What is hypopitutarism? Its when the brain is not able to send signals to cells throughout the body to control all things homeostasis. Everything metabolic. Everything that makes you human. Blood, heart, bone, and muscle function, mental health, sleep cycle, reproductive function, ability to heal and fight infection, and much more. Without these brain signals, you are always unwell, and sentenced to a life of illness and certainlyan early death.

When you google Veterans and PTSD, about 25millionresults come back. When you google Veterans and Hypopituitarism, only 226,000 results come back. Yet nearly half of Veterans with PTSD actually have hypopituitarism. This awareness should spread like wildfire, 2 million veterans may get their lives back.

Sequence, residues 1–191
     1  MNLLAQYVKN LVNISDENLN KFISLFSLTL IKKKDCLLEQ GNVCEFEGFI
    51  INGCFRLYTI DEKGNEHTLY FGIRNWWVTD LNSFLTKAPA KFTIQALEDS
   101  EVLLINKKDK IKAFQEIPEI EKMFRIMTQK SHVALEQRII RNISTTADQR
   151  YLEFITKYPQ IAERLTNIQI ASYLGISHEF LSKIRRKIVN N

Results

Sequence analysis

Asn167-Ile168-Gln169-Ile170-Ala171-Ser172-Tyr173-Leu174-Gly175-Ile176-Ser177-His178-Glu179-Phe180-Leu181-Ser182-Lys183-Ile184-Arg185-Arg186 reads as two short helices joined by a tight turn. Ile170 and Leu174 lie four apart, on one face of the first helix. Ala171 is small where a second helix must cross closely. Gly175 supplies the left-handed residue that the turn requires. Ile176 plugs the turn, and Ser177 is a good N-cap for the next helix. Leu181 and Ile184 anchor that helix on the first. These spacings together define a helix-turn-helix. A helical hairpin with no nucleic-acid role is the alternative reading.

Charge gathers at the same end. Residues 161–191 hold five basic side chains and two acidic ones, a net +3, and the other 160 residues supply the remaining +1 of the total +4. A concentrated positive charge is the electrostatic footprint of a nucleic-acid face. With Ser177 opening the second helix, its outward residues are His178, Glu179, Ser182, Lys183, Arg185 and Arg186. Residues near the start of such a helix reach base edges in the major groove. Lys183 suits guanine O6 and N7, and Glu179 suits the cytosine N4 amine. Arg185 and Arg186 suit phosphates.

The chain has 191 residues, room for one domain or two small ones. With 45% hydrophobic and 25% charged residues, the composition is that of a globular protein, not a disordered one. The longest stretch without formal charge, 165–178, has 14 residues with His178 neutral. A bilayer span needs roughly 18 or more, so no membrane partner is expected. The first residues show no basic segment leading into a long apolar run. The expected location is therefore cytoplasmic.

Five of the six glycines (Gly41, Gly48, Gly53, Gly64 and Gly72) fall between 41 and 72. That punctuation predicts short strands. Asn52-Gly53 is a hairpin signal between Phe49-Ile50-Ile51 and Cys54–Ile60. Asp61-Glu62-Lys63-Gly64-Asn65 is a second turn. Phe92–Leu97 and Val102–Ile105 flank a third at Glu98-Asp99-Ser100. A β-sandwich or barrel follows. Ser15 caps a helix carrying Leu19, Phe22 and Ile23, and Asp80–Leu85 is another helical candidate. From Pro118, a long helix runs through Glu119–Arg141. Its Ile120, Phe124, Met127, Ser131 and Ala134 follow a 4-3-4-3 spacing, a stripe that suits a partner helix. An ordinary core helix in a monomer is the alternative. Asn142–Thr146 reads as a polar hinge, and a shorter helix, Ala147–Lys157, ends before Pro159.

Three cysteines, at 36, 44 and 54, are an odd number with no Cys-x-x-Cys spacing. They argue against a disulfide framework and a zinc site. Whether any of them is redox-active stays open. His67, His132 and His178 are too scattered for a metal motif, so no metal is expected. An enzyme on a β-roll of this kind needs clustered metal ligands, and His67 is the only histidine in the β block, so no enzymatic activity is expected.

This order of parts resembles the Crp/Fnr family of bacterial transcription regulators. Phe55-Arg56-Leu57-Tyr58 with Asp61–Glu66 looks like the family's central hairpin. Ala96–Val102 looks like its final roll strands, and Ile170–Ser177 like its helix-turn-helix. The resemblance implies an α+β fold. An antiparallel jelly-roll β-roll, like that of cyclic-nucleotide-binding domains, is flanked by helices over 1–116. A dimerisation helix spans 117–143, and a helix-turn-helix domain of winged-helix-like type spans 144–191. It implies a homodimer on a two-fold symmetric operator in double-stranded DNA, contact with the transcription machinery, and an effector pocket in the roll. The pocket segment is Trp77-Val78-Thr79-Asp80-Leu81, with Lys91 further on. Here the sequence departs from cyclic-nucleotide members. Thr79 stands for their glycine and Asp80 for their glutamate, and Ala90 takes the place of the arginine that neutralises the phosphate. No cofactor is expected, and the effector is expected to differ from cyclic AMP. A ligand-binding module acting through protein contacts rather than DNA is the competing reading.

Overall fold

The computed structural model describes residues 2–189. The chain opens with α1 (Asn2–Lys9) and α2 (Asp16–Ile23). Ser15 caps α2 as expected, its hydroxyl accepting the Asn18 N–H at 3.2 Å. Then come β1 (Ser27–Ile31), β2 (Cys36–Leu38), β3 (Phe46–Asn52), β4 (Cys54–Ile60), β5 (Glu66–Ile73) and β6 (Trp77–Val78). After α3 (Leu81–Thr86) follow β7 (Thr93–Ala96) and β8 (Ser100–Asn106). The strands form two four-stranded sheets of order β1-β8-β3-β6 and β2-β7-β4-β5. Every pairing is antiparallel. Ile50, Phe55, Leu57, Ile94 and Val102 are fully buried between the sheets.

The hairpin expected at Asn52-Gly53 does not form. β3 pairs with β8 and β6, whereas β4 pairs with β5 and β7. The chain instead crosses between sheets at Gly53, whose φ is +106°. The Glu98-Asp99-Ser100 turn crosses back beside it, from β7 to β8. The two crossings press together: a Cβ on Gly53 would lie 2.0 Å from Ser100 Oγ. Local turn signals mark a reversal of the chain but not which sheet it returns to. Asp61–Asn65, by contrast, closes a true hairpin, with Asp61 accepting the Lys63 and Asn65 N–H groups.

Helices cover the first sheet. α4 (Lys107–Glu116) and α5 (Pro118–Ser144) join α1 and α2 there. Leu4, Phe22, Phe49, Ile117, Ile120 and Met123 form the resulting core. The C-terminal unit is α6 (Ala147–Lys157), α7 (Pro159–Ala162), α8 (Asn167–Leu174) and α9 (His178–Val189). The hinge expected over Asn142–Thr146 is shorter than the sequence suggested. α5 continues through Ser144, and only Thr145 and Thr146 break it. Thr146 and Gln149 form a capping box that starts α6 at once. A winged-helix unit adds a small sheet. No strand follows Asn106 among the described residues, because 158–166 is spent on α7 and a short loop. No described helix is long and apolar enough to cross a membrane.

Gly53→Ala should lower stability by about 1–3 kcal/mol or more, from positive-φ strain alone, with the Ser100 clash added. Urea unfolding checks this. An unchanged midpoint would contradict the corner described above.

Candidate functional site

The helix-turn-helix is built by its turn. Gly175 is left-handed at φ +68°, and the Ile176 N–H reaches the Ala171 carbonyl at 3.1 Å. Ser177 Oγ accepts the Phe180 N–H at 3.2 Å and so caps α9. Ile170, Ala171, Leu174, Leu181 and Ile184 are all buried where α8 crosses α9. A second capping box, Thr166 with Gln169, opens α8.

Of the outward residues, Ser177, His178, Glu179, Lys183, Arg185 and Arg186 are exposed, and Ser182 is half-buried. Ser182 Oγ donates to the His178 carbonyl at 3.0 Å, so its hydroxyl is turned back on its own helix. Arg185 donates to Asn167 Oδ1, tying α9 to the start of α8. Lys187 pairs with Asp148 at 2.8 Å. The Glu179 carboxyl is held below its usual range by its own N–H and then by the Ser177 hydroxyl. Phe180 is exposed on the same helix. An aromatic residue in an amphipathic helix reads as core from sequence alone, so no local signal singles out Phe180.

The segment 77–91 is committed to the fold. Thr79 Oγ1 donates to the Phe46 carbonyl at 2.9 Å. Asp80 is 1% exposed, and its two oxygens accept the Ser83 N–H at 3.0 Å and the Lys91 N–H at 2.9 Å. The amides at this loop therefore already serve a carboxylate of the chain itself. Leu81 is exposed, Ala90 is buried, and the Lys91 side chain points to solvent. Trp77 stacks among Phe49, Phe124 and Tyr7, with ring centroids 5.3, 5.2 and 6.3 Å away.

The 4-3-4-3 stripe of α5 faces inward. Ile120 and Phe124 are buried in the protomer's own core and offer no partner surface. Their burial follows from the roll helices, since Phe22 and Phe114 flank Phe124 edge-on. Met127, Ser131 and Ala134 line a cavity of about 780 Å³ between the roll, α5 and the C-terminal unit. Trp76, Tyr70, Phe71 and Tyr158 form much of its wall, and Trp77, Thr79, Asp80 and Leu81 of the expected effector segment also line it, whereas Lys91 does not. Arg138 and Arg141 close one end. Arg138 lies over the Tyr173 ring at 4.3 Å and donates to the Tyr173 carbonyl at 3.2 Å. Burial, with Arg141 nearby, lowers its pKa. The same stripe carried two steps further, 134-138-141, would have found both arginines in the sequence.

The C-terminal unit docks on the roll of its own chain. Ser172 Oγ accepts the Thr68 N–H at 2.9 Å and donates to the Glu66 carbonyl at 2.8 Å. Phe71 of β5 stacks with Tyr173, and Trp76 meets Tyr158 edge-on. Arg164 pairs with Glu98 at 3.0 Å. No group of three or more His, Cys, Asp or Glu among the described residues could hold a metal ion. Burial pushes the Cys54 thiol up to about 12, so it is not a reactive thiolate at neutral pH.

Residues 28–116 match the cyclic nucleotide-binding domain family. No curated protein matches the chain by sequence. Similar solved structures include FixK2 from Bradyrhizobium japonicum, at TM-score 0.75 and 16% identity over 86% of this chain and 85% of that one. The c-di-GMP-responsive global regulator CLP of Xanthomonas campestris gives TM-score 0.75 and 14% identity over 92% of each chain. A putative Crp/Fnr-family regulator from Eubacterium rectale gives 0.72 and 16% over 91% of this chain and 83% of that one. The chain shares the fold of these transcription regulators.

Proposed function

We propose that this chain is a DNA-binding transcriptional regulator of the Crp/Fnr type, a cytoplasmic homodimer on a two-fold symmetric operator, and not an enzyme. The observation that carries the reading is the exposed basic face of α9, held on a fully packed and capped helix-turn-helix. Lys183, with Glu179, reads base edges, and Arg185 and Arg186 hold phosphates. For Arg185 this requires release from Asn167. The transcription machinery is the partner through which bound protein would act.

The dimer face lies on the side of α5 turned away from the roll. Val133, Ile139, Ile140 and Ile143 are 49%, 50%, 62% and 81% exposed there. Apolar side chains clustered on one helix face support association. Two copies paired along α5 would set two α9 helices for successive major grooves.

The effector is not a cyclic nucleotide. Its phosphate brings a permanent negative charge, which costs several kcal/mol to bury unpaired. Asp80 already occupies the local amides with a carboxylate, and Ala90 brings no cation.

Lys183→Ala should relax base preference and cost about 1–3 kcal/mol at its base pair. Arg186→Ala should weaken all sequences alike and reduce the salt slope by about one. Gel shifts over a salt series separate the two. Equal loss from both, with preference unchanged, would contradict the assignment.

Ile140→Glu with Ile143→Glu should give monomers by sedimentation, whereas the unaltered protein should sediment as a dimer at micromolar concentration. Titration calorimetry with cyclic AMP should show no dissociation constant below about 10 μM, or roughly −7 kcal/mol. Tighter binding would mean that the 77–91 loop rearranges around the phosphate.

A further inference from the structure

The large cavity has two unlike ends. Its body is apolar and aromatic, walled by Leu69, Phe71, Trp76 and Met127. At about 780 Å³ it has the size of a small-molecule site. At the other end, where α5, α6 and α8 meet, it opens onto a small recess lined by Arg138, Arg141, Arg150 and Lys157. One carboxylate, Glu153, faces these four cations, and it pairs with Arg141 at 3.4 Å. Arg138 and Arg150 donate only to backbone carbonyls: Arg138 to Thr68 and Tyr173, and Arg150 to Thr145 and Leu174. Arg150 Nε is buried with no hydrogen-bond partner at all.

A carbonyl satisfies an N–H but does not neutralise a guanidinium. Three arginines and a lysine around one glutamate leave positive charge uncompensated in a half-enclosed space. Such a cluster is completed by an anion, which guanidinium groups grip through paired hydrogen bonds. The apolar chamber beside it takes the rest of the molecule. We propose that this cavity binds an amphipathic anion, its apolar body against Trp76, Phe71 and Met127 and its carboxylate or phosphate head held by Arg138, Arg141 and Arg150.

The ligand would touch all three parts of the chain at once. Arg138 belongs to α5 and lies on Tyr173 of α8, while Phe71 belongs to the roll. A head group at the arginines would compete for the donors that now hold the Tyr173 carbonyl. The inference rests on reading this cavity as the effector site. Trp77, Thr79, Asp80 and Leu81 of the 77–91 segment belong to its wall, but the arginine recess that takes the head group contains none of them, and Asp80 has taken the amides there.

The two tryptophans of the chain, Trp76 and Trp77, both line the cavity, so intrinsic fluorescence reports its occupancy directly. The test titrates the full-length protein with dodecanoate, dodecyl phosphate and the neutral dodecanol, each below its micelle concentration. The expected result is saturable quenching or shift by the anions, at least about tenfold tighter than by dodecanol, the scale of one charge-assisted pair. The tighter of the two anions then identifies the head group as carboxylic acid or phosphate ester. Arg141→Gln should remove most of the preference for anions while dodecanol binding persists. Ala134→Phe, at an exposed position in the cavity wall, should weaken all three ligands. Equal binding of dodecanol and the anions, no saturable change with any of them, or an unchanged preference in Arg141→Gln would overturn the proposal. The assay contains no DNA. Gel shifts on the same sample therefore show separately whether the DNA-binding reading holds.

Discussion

So why arent they getting a diagnosis? Because doctors dont know to lookfor the symptoms and they dont know the proper tests. The only doctors who are taught about Hypopit are endocrinologists, and they are taught that it is rare. They are misinformed by their textbooks and, admittedly, due to lack of research, there is gross missing information. Hypopit patients find medical professionals actually know very little about diagnosis, testing and treatment. Often times, Hypopit patients are put on anti-anxiety pills and antidepressants, instead of the treatment they need. A bandaid doesnt fix a bullet hole, it may cover it up for a little while, but the problem still exists. We need the textbooks to teach doctors that Hypopit is not rare and we need to teach them that anyone who has symptoms and has experienced a traumatic event should be properly tested.

2010 A recommendation was made by AMSUS (the Society of the Federal Health Professional) for hormonal testing of veterans who sustained and sort of traumatic brain injury.